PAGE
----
Challenges to developing a blended learning course

This extract is from the article Development and Implementation of a “Blended” Teaching Course Environment in the most recent issue of JOLT:

Roadblocks/challenges to Developing a Blended Course

One of the biggest stumbling blocks to developing a blended course is the student fear factor. Many individuals in my class had never crafted a PowerPoint presentation, much less navigated in an online
discussion. Despite their familiarity with Web 2.0 tools like Facebook, MySpace, and instant messaging, the thought of being graded for online participation was somewhat threatening and intimidating. It was also difficult initially for students to understand the rationale for some assignments (such as Second Life). In future classes, more emphasis on business necessity, future usage, and SL current applications will be incorporated into the course pedagogy. Because there were many different types of assignments in this course (including group work, both on and off line), some students also expressed dissatisfaction with having to rely on team members. Use of the Team Agreement did however help to coalesce groups, and to give members a framework for expected behavior. Instructor feedback on the Team Agreement is essential in providing guidance regarding conflict resolution, assignment schedule, and interpersonal interaction among members.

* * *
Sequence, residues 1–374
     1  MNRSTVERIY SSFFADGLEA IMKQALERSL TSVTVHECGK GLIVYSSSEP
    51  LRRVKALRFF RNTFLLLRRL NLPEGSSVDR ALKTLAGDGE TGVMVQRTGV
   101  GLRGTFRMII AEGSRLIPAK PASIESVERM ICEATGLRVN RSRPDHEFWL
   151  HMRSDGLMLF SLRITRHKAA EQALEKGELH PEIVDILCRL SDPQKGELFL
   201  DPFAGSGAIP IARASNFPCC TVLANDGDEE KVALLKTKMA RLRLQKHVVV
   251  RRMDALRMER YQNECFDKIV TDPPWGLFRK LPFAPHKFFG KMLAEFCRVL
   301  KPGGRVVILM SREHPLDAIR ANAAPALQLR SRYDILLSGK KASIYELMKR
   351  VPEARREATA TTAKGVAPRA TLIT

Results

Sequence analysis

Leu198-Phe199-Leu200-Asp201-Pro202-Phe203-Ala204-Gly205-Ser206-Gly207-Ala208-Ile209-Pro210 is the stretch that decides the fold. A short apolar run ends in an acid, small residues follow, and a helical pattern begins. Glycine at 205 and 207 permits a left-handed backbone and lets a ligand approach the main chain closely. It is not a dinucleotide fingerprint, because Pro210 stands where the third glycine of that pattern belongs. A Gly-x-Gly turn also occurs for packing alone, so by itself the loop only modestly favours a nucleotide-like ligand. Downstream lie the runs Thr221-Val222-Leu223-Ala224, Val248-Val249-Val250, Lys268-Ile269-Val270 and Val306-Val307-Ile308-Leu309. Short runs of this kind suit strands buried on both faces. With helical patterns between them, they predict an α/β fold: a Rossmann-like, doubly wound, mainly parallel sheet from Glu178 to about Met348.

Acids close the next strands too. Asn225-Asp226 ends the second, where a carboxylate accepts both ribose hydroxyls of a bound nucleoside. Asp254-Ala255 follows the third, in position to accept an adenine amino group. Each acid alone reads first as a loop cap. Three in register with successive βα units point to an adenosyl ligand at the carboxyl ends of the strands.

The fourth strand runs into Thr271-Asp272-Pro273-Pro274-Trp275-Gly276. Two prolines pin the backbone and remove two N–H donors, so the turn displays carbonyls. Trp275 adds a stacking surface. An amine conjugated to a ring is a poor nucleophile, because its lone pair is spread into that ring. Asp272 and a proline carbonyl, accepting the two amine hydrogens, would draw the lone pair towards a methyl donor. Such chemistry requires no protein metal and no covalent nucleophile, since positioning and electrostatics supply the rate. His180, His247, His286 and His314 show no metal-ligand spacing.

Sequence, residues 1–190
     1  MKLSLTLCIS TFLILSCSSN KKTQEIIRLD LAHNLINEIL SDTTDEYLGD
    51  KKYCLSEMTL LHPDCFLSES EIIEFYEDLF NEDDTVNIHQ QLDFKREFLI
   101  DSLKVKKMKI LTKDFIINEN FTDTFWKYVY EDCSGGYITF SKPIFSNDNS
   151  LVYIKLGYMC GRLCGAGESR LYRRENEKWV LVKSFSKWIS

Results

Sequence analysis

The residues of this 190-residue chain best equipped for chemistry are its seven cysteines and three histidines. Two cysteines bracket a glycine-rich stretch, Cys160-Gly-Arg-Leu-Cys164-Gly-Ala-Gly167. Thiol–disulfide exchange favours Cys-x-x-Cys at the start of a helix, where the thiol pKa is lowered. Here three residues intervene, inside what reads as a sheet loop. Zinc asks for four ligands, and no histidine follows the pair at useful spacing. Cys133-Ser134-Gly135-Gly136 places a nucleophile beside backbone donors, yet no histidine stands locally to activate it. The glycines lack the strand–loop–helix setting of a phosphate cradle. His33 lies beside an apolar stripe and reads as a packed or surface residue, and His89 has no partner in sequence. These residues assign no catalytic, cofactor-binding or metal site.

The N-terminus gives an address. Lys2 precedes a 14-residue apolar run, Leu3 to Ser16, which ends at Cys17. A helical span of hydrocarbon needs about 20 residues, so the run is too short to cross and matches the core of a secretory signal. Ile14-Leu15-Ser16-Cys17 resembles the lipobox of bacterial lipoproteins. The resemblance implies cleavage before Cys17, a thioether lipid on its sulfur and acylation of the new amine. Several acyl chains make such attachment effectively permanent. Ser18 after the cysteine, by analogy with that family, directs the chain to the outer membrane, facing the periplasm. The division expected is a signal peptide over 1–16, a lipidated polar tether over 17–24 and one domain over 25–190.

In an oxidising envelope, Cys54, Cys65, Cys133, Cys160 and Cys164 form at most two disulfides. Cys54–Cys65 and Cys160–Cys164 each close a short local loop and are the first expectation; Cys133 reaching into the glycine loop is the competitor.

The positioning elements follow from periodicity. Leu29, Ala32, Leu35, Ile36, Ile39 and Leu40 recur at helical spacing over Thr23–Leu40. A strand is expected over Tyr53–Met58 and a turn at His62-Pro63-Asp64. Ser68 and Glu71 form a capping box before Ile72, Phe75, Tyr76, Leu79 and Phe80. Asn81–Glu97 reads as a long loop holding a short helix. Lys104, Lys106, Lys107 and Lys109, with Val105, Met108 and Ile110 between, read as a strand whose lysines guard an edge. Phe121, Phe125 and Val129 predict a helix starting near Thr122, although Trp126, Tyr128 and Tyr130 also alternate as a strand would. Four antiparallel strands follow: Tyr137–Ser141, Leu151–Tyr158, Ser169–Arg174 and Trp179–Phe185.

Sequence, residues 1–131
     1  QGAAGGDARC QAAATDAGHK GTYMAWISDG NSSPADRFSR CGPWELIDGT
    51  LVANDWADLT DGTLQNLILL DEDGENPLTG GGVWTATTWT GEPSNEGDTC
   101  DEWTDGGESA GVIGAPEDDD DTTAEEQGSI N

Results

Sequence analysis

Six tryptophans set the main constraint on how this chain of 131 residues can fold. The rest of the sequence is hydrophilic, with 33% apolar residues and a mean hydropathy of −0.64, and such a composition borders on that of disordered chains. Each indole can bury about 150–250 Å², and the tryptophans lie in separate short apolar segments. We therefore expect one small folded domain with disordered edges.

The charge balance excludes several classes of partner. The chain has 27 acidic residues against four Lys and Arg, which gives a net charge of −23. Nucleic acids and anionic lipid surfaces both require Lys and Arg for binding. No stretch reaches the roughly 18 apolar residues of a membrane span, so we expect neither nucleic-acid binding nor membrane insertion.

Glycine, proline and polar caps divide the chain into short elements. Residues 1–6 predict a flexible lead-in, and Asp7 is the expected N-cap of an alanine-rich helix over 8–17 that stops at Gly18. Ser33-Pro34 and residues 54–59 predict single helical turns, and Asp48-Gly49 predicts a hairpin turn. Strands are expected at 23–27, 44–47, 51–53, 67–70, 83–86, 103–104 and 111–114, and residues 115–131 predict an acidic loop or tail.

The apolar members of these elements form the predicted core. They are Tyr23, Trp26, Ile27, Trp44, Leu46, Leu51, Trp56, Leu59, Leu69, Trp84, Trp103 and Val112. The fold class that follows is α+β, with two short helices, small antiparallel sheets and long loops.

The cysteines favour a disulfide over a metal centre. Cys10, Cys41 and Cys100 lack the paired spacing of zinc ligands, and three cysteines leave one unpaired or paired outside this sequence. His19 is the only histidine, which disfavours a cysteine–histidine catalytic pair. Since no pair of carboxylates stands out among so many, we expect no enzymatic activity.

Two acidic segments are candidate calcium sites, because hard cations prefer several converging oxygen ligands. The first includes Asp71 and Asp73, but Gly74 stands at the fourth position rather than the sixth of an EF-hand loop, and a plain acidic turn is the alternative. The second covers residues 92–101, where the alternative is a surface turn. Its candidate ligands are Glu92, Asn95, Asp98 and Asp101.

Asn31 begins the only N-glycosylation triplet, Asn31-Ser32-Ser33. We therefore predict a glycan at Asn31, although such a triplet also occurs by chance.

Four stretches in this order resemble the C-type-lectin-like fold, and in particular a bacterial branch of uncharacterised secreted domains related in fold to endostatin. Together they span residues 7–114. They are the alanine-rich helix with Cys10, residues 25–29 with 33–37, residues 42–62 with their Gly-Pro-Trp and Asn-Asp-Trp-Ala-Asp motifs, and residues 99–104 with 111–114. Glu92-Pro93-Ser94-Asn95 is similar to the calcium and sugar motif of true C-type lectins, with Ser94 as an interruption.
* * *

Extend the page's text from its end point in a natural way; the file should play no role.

The blended model is a student-centered approach that allows the instructor to behave as a coach, a facilitator, and a cheerleader for his/her students. It is a way to let students lead in an environment in which they’re guided to success. In the words of Singh (2002, p. 476), “To be successful, blended [teaching]… needs to focus on combining the right delivery technologies to match the individual learning
objectives and transfer the appropriate knowledge and skills to the learner at the right time.”

by Jacqueline Gilbert and Ricardo Flores-Zambada

Development and Implementation of a “Blended” Teaching Course Environment
Journal of Online Learning and Teaching, Vol. 7, No. 2, June 2011 pp. 244-260

This interests me because I have been considering including an assessment of online PLN participation in my unit next semester.

Given that this study found that “the thought of being graded for online participation was somewhat threatening and intimidating” for students, I’m going to avoid actually grading their participation per se.  Rather, I’ve decided that students must show (in an assignment appendix) participation in their online PLN for the unit to achieve a Distinction (Grade ‘6’) or High Distinction (Grade ‘7’).  That way, they either do it, or they don’t.  They don’t have to feel anxious about quality.

Has anyone else done something similar to this?  Making students demonstrate their PLN building?  How can I do it – get them to attach a screen shot of three blog comments and five tweets?  Would that suffice?  Hmm…

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